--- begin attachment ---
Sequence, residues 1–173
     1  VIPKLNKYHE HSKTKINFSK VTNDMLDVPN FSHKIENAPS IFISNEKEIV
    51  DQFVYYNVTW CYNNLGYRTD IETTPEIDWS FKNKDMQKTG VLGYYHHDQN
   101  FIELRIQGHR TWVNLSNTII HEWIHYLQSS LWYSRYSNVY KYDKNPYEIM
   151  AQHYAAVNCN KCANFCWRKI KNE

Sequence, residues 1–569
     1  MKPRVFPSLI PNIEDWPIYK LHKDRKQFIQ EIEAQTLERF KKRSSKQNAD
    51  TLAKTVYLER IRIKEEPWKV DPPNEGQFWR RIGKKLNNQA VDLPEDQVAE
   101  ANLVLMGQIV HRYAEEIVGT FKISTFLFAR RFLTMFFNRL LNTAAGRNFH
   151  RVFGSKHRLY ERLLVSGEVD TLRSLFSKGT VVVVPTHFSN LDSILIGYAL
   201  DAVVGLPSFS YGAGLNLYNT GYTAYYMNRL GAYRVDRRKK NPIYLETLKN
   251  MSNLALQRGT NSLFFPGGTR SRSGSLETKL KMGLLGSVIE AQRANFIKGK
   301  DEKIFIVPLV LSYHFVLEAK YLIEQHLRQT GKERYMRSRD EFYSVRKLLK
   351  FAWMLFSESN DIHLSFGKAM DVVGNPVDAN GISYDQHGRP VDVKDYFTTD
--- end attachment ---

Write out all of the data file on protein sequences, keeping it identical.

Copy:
Sequence, residues 1–173
     1  VIPKLNKYHE HSKTKINFSK VTNDMLDVPN FSHKIENAPS IFISNEKEIV
    51  DQFVYYNVTW CYNNLGYRTD IETTPEIDWS FKNKDMQKTG VLGYYHHDQN
   101  FIELRIQGHR TWVNLSNTII HEWIHYLQSS LWYSRYSNVY KYDKNPYEIM
   151  AQHYAAVNCN KCANFCWRKI KNE

Sequence, residues 1–569
     1  MKPRVFPSLI PNIEDWPIYK LHKDRKQFIQ EIEAQTLERF KKRSSKQNAD
    51  TLAKTVYLER IRIKEEPWKV DPPNEGQFWR RIGKKLNNQA VDLPEDQVAE
   101  ANLVLMGQIV HRYAEEIVGT FKISTFLFAR RFLTMFFNRL LNTAAGRNFH
   151  RVFGSKHRLY ERLLVSGEVD TLRSLFSKGT VVVVPTHFSN LDSILIGYAL
   201  DAVVGLPSFS YGAGLNLYNT GYTAYYMNRL GAYRVDRRKK NPIYLETLKN
   251  MSNLALQRGT NSLFFPGGTR SRSGSLETKL KMGLLGSVIE AQRANFIKGK
   301  DEKIFIVPLV LSYHFVLEAK YLIEQHLRQT GKERYMRSRD EFYSVRKLLK
   351  FAWMLFSESN DIHLSFGKAM DVVGNPVDAN GISYDQHGRP VDVKDYFTTD